Transcategorial Shift in Mandarin Revisited: The Case of Nominalization

linze LI

Abstract


The article presents an analysis of transcategorial shift in Mandarin. Building on scholarly works conducted in the last century, this work sets out to present a new account of nominalization in terms of its underling cognitive mechanisms. A new notion, ontologicalization, is introduced into the study. It is argued that nominalization does exist in Mandarin and occurs on various levels, ranging from lexis to sentences. It may take on different forms, affix-derivation and zero-derivation. As detailed illustrations of the new approach, it is shown that structures like zhe ben shu de chuban (the publication of this book) and ta de bu lai (his not coming) are actually exocentric constructions and the possibility of defining de as a nominalizing infix.


Keywords


Transcategorial shift; Nominalization; Ontologicalization; Mandarin

Full Text:

PDF

References


Anderson, J. M. (1971). The grammar of case: towards a localistic theory. Cambridge: Cambridge University Press.

Anderson, J. M. (1977). On case grammar. Prolegomena to a theory of grammatical relations. London: Croom Helm.

Bloomfield, L. (1933). Language. London: Allen & Unwin.

Bloomfield, L. (1983). An introduction to the study of language. Amsterdam, Philadelphia: John Benjamins Publishing Company.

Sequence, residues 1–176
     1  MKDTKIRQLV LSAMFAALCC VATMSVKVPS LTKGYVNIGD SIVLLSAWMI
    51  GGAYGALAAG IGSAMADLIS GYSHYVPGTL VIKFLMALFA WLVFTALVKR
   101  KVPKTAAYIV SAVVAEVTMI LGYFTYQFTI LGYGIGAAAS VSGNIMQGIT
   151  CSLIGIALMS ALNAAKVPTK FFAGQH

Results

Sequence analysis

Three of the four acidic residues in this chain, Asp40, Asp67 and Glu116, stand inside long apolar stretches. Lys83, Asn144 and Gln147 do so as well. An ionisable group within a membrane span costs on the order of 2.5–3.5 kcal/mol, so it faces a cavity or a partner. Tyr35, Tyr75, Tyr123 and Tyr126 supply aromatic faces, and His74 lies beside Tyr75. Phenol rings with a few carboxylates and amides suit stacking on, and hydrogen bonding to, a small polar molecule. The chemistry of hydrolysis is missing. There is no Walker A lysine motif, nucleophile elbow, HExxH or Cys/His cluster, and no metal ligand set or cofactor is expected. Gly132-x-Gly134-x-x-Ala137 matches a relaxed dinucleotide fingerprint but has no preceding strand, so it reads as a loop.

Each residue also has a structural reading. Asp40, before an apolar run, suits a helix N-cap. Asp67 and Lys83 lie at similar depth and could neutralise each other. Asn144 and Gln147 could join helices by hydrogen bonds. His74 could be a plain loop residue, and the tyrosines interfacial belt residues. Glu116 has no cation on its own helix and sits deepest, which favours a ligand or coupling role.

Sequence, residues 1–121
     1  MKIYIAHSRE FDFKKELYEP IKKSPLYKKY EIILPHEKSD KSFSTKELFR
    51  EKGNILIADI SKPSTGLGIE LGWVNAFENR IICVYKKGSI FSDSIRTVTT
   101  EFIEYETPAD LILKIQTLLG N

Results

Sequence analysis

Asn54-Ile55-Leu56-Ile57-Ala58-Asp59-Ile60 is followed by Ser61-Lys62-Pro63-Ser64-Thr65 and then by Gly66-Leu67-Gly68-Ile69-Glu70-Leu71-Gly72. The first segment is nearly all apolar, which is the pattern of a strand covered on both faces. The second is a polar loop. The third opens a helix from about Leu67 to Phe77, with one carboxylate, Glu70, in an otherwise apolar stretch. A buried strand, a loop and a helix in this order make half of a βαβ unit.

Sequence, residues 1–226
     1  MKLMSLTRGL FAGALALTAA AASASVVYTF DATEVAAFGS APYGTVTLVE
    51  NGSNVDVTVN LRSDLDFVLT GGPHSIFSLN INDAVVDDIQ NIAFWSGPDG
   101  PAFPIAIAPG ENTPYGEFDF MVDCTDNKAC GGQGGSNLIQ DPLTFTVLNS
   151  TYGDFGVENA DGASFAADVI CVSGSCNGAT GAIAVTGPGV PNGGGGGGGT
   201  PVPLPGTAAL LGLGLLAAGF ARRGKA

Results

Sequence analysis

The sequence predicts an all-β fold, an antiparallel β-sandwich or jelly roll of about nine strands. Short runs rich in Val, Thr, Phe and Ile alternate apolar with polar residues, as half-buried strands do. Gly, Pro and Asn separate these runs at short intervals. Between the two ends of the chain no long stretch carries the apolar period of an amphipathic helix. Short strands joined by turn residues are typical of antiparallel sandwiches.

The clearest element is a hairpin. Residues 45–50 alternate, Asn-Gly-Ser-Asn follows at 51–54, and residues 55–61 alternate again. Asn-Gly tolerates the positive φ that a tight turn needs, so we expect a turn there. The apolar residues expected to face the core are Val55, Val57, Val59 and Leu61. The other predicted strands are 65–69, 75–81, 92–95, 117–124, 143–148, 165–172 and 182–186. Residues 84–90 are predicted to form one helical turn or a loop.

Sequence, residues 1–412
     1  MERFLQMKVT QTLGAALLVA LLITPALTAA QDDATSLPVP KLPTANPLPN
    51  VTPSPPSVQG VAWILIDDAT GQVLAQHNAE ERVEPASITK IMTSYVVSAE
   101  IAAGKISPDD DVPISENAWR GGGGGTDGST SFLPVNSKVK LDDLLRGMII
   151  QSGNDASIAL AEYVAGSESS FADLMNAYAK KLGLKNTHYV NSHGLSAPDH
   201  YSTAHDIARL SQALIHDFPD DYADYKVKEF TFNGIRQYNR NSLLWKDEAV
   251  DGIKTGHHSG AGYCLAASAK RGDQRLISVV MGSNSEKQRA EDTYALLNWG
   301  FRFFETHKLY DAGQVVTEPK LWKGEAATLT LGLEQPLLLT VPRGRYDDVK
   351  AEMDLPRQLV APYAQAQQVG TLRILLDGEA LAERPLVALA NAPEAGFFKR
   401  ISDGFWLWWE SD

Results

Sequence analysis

Chen, C. Z. (1922/ 1982). Creation of Chinese grammar. Beijing: The Commercial Press.

Cheng, G. (1999a). Language universals. Shanghai: Shanghai Educational Publishing House.

Cheng, G. (1999b). A new exploration on nominalization and endocentric construction. Modern Foreign Languages, (2), 128-144.

Cheng, G. (1999c). Nominalization, endocentric construction, and hypothesis of article phrases. In J. M. Lu (Ed.), Modern Chinese grammar studies meeting challenge of the new century (pp.165-179). Shandong: Shandong Education Publishing House.

Chomsky, N. (1970). Remarks on nominalization. In Jacobs, R. A. & P. S. Rosenbaum. (Eds.), Readings in English transformational grammar(pp.184-221). London: Ginn..

Chomsky, N. (1970). Remarks on nominalization. In Jacobs, R. A. and Rosenbaum P. S. (Eds.), Readings in English Transformational Grammar, Waltham, Massachusetts, Toronto, London: Ginn and Company, 184-221.

Chomsky, N. (1995). The minimalist program. Cambridge, Massachusetts: The MIT Press.

Gao, M. K. (1960). Speech on the science meeting of Peking University 1959. In Chinese language research center of Peking University (Eds.), Linguistics Series 4 (pp.253-271). Shanghai: Shanghai Educational Publishing House.

Gazdar, G., Klein, E., Pullum, G. & Sag, I. (1985). Generalized phrase structure grammar. Oxford: Blackwell.

Gazdar,G . & Pullum,G . (1981). Subcategorization, constituent order and the notion “head”. In M. Moortgat, H. v. d. Hulst, & T. Hockstra. (Eds), The scope of lexical rules (pp.107-123). Dordrecht: Foris.

Guo, R. (2000). The conversion of the expressional functions and an analysis of the particle de in Mandarin Chinese. Contemporary Linguistics, (1), 37-52.

Guo, R. (2010). A study on Chinese word classes. Beijing: The Commercial Press.